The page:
If the war in Ukraine has not had an impact so far on SNCF traffic, it could well have some on its results. The railway group is in fact the leading consumer of industrial electricity in France and therefore finds itself confronted with rising energy costs. Its subsidiary SNCF Voyageurs, in charge of passenger transport, alone represents 10% of industrial consumption in France, i.e. between 1 and 2% of total French consumption.
According to Christophe Fanichet, CEO of SNCF Voyageurs, the consumption planned for the year 2022 is covered at 95% with a policy of purchasing two to three years in advance. But the impact could be felt on the remaining 5%, with a spot purchase which should “cost a few tens of millions of euros”.
The bill could swell much more significantly in 2023, with coverage of around 75 to 80%. The additional cost could then go from a few tens to a few hundred million euros given current energy prices. A review of the buying strategy is therefore now being considered to determine the best time to complete the 2023 hedge. The question should be decided in the second half of this year.
No increase in ticket prices
The boss of SNCF Voyageurs said that this inflation in energy costs would have no impact on the price of long-distance tickets this year. And he indicated that several programs were now at work to reduce consumption without having to reduce the speed of the trains.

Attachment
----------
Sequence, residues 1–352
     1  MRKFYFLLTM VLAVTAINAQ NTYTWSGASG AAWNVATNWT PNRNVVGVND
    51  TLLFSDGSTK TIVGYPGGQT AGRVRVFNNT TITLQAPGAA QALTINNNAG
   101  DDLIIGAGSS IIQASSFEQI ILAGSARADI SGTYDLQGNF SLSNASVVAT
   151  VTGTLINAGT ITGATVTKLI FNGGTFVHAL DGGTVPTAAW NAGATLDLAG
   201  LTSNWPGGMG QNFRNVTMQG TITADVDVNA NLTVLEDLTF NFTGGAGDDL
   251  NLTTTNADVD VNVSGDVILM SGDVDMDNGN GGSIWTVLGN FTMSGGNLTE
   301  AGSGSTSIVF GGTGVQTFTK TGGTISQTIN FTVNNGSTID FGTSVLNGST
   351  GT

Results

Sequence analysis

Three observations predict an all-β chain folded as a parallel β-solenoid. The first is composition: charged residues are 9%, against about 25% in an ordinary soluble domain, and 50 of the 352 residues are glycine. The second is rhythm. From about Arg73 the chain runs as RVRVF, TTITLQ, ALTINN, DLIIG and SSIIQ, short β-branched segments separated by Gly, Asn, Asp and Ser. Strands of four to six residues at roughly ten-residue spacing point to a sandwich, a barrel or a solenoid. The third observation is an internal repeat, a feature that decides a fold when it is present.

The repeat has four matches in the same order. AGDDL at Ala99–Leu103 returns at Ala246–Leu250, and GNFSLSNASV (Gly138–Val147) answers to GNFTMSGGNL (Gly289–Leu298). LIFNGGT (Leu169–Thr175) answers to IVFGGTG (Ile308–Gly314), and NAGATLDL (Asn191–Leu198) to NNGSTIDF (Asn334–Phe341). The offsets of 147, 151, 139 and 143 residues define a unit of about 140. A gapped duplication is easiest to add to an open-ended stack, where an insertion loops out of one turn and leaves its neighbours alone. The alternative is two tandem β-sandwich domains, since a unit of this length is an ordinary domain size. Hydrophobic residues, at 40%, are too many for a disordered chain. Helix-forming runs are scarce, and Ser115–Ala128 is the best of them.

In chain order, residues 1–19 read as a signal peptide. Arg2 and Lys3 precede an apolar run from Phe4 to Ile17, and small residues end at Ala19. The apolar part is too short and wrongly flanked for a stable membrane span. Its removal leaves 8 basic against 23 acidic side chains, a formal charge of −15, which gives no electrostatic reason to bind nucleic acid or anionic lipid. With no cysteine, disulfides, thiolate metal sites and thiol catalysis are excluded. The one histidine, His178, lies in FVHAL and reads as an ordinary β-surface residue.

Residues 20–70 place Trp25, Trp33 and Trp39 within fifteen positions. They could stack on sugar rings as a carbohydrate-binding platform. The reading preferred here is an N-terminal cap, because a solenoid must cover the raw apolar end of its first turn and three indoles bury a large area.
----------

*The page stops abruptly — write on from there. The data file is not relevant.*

In 2021, the energy consumption of the whole group represented 16.4 terawatt-hours (TWh), compared to 17.9 TWh before the crisis. Of this total, electricity represents approximately 9 TWh, mainly intended for rail traction. This gives an annual electricity bill of around one billion euros for the SNCF, one of its main external expenditure items.
3.5 TWh for TGVs alone
Of this total, SNCF Voyageurs uses 7 TWh of electricity to pull its various trains. The TGVs are the biggest consumers with half the volume, while TER and Transilien represent a quarter each. Electricity thus contributes up to 87% of the energy used by SNCF Voyageurs for its rolling stock, the remaining 13% coming from diesel which supplies part of the TER trains.
Christophe Fanichet also recalled the commitment of the SNCF to get out of diesel by 2035, with new battery and hydrogen trains or the use of sustainable fuels.